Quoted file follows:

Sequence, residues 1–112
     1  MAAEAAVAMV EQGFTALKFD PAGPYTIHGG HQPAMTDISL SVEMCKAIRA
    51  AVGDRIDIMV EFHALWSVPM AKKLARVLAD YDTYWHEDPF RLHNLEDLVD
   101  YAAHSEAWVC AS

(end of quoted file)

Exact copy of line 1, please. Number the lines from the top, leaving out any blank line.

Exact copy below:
Sequence, residues 1–112